Design happens before the design. Lets become a part of that process.


~ by James Conley on 2010/07/22.

2 Responses to “What is Architecture Under Development?”

  1. Excellent post sir!

    It is good to have a better understanding of what your purpose is… I might do this as well.

    To begin a couple of important texts come to mind.
    You must get your hands on Jeremy Till’s recent book “Architecture Depends.” The theme word of the book is contingency… Till uses constantly to discuss the production of architecture. It is a pretty easy available read, and I think you will appreciate it more than I did (which is a lot).

    Your blog intrigues me and I think its content is critical to the Crisis-City concept. One of the call’s of our ongoing mission statement is:

    “Crisis City (I think) asks for real solutions to real problems, solutions which reject traditional “touchy-feely” Architectural reasoning, and which eschew Architecture’s typical focus on pretty form-making. Crisis City says, “Lets get down to business. Let’s engage the citizenry. Let’s take real action, make real measurements, use real data, and be sure that our solutions have a quantifiable effect on the population – for the better.”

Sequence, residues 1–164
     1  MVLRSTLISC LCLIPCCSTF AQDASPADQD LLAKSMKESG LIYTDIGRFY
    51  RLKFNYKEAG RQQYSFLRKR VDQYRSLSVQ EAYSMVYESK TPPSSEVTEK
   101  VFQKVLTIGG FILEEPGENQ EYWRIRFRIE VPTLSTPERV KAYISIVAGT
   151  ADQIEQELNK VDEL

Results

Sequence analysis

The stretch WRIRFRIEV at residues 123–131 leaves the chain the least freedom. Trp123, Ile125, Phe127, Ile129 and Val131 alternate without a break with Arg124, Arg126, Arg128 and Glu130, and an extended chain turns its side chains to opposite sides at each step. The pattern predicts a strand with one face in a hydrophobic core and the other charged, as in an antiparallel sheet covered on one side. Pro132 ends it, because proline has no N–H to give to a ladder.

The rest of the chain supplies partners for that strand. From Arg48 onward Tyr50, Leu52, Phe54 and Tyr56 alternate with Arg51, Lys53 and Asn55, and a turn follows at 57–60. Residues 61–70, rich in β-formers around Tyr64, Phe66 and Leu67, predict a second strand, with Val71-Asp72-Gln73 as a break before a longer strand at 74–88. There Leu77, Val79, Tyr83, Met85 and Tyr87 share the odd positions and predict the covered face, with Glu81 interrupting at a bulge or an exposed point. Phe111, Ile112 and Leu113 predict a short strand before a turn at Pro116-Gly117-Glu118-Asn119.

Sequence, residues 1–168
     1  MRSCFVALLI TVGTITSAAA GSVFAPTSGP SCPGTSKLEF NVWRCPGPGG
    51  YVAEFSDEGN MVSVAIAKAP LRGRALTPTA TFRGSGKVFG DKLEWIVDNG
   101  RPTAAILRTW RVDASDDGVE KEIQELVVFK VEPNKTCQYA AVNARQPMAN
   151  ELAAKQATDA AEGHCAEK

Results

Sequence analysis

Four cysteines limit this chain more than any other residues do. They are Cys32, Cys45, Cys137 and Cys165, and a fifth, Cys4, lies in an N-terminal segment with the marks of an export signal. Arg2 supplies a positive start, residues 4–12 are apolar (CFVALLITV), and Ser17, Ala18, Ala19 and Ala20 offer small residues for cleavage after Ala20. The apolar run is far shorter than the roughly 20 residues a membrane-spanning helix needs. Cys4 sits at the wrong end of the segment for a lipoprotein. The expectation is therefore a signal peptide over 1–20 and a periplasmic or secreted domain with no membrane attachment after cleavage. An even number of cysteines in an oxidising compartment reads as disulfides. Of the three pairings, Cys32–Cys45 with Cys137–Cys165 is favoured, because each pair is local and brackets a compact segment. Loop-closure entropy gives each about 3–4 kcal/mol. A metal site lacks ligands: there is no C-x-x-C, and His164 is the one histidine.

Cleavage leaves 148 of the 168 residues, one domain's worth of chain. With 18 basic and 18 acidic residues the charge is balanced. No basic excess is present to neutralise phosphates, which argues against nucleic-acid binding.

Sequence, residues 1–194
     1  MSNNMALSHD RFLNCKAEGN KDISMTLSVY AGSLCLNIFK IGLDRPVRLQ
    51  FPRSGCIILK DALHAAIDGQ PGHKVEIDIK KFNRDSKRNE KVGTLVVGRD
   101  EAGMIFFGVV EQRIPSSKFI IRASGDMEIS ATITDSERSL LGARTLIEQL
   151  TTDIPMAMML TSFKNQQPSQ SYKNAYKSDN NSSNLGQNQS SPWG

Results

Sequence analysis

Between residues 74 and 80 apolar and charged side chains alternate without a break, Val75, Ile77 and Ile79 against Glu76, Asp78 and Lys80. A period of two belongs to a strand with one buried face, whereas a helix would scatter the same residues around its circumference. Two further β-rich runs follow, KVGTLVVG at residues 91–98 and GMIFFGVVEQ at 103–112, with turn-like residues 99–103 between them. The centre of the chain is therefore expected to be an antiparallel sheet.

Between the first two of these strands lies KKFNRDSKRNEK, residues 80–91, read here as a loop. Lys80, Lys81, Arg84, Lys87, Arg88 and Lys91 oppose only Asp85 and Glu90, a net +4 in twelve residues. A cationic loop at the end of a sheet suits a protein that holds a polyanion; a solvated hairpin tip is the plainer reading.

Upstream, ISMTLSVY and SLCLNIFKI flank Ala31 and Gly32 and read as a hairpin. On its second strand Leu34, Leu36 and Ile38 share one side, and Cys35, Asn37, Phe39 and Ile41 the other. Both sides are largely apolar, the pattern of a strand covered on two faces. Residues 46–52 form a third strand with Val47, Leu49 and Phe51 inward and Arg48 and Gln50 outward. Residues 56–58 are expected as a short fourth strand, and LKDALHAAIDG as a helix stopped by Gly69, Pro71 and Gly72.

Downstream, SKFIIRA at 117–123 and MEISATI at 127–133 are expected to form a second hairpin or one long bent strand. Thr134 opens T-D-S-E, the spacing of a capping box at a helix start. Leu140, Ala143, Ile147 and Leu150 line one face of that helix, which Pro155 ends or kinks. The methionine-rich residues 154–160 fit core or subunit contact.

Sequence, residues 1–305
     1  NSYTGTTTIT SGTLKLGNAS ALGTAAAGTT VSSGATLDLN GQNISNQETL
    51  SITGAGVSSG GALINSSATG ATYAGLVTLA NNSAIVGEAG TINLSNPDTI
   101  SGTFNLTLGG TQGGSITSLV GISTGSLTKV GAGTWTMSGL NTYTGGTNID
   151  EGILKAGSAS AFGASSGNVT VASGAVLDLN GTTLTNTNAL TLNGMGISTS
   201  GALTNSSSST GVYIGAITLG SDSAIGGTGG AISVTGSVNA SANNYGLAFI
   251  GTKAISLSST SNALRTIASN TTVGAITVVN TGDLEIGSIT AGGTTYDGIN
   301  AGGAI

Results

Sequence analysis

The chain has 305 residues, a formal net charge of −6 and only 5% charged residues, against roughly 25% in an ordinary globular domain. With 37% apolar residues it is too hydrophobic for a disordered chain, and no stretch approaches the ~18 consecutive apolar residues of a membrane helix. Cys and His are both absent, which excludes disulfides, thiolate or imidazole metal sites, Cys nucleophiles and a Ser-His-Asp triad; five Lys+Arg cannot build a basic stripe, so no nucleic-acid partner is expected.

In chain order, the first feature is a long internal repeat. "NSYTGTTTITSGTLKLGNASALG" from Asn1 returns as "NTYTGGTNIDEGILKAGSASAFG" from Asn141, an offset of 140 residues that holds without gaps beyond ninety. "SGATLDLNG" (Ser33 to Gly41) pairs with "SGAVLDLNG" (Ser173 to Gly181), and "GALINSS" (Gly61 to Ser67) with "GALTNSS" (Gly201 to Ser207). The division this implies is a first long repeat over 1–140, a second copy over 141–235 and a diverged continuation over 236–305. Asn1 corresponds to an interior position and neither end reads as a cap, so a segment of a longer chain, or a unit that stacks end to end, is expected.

The realities of architectural production (development) should not be ignored in academia. While hypothetical academic projections exist to counter these realities they are foolish for often ignoring them.

    Architecture in a world of crisis is not only interesting but possibly real (this is one of the provocations of crisis-city). How will architecture respond to crisis? Of particular note is how architecture will respond to economic crisis (Recession). I think you are correct in professing architectures near-complete reliance on capital. If capital freezes does architecture freeze? I think there is a lot more to think about on this front, but I think informal architecture such as design-build, vernacular construction, and reuse all become real opportunities and possible futures.

    A final thought, if not a warning… as Till suggests we need to carefully consider why we want to become a part of the process, whats in it for us, and what are our motives. Is it for power or is it for justice?

  2. This is a great stage-setting post. The question becomes: how do you engage? One thought provoked by Nate’s Crisis City proclamation above is: what if your thesis took the form of an investment? See for example http://www.npr.org/templates/story/story.php?storyId=124587240

    Another model for such a thesis would be to develop an algorithm, tight or loose, and play it out at the urban or site scale. A version of parametric design and counter-typological research.

    One model that comes to mind for some of the preparatory research is the article on hedge funds in Volume a few years back (I think).